The latest news on this is that during his trip to the Garo Hills, Mr. Lawson was handed over a few strands of hair allegedly belonging to the mande burung. The hair was taken to the UK (probably in contravention of the Wildlife Protection Act and the Biodiversity Act!) and an initial visual inspection of hair structure was done with microscopes which proved inconclusive and could not identify which animal the hair came from. This isn’t surprising as positive identification of hair source based only on microscopy is not possible for many species, especially not by somebody in the UK unfamiliar with Indo Malayan fauna! Now, they say, the hair samples are being sent to the Oxford Brookes University for DNA extraction and fingerprinting. That should be able to identify the general taxonomic category of the owner of those strands if such an animal does not exist. If not, we’ll know soon enough. So its make or break time!
Now, first the basics… Reports of hominoid cryptids (slang for cryptozoological animal, cryptozoology itself means the study of mythical or legendary animals whose existence is disputed or unsubstantiated such as the Yeti and the Lochness monster) are not new. They have been reported from each and every continent (except maybe Antarctica). The Yeti and the Bigfoot are just two of the most famous ones, the former because of Sir Edmund Hillary’s claim to have seen footprints in the snow on the way to Mt. Everest and the latter … well just because its American!!
Okay so what about this creature? First, lets get the orthography right because BBC and Mr Lawson really screwed up on that. In the Garo language the creature is called mande (man) burung/buring (forest) which is self explanatory and not mande barung as reported by the BBC. Locals have always known about this creature, a 3m tall and 300 kilograms black and grey ape-like animal. The sudden renewal of interest seems to have been the handiwork of the Achik Tourism Society, an organisation run by a few hardcore believers.
Or maybe it isn’t that simple.
You have to admit they are creating the perfect advertising campaign to attract the Yeti, Sasquatch and Bigfoot crowd to remote Garo Hills. Money does talk Mr. Dipu Marak, doesn’t it?
Oh, you’re still reading. That proves you have an open mind and are willing to believe (albeit with a pinch of salt) the testimony of local eyewitnesses. Here is a sample. Well if you discount some of the really crazy stories like a man being kidnapped by a female mande burung, being kept in a nest for three days and being forcibly suckled with “bitter and sour tasting milk”, most of the other stories have a great deal of uniformity at least in the description of the creature. The region where it is reported from, the Nokrek Biosphere Reserve and the Balpakram National Park are both truly remote areas. Steep and rocky mountains, gorges, thick tropical jungles and vast network of underground caves formed because of the limestone deposits make it unusually difficult to traverse. I haven’t seen tougher terrain anywhere else in the northeast. It’s not easy to completely discount the existence of an unknown animal in such surroundings.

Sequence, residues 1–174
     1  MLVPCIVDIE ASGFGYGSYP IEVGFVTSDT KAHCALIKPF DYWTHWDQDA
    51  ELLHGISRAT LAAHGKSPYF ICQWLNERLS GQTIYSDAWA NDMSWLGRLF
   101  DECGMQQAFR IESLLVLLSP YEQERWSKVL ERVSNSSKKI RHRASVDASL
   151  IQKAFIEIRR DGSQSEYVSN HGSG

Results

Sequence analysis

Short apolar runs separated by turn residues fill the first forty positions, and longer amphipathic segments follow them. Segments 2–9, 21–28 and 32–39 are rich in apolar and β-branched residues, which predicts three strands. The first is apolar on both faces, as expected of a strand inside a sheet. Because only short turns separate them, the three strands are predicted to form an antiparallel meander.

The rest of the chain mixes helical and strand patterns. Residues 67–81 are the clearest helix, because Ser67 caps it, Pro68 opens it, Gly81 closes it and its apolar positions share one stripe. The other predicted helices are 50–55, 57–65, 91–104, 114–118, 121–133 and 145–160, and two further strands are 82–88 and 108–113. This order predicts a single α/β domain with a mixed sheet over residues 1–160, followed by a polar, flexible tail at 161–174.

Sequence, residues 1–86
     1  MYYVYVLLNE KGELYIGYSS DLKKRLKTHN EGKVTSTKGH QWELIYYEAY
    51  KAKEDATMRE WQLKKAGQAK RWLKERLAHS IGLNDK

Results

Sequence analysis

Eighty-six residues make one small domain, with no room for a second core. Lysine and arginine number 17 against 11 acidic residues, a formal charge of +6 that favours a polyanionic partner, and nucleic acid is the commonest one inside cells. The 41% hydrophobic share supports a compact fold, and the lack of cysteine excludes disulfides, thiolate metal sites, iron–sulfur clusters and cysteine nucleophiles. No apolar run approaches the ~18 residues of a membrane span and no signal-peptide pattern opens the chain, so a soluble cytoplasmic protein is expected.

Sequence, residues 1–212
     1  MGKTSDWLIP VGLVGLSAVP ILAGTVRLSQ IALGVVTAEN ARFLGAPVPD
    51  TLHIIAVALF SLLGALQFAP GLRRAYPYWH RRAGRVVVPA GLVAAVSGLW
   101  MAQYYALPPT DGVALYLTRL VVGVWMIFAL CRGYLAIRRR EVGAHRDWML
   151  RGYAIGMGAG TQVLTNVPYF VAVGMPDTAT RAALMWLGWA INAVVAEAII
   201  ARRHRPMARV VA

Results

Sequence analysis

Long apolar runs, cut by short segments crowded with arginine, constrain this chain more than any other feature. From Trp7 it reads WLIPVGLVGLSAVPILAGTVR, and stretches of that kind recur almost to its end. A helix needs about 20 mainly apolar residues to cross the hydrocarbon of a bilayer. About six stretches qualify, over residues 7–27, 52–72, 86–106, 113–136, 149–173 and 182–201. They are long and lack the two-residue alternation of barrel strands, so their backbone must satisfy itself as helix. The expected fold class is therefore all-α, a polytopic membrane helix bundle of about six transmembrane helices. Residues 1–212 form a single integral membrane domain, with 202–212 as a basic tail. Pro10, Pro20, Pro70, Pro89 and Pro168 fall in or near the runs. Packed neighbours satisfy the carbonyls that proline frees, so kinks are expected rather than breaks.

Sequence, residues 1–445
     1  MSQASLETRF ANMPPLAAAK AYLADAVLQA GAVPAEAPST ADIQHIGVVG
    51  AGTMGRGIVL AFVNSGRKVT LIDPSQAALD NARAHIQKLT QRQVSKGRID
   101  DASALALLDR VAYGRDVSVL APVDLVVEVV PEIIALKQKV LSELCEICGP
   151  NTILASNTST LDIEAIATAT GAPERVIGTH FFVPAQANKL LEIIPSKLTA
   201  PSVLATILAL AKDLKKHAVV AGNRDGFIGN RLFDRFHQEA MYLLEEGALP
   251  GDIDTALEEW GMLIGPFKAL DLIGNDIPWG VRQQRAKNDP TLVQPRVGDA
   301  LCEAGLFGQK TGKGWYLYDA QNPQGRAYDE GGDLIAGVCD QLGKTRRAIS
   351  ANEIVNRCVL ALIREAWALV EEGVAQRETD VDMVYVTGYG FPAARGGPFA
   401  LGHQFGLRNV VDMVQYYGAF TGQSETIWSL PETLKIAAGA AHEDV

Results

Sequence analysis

Mistaking animals for such creatures are not uncommon and have happened before. In many cases it has turned out to be a bear. The footprints of a bear too are eerily similar to that of human or hominid footprints. In this area of the Garo Hills, the two species of bears that are found are the Asiatic Black Bear (Ursus thibetanus) and the Malayan Sun Bear (Helarctos malayanus). Of them, the former is larger and could be mistaken for a creature of this sort.
There is however an even more intriguing possibility. It could be one of the last surviving members of the prehistoric giant ape Gigantopithecus blackii, remains of which were found in China and Vietnam and is thought to have been geographically distributed across southeast Asia. There are other ancient hominids of the same nature which were thought to have roamed across southeast Asia and India not very long back. They are Meganthropus palaeojavanicus and Pithecanthropus erectus (later known as Homo erectus, the Java Man). Pithecanthropus was announced in 1894 and was initially thought to be the ‘missing link’. Either way, this isn’t the end of the story. And something tells me even if the DNA tests show that those strands of hair belong to a bear or a serow, some people will still keep searching. I am one of them.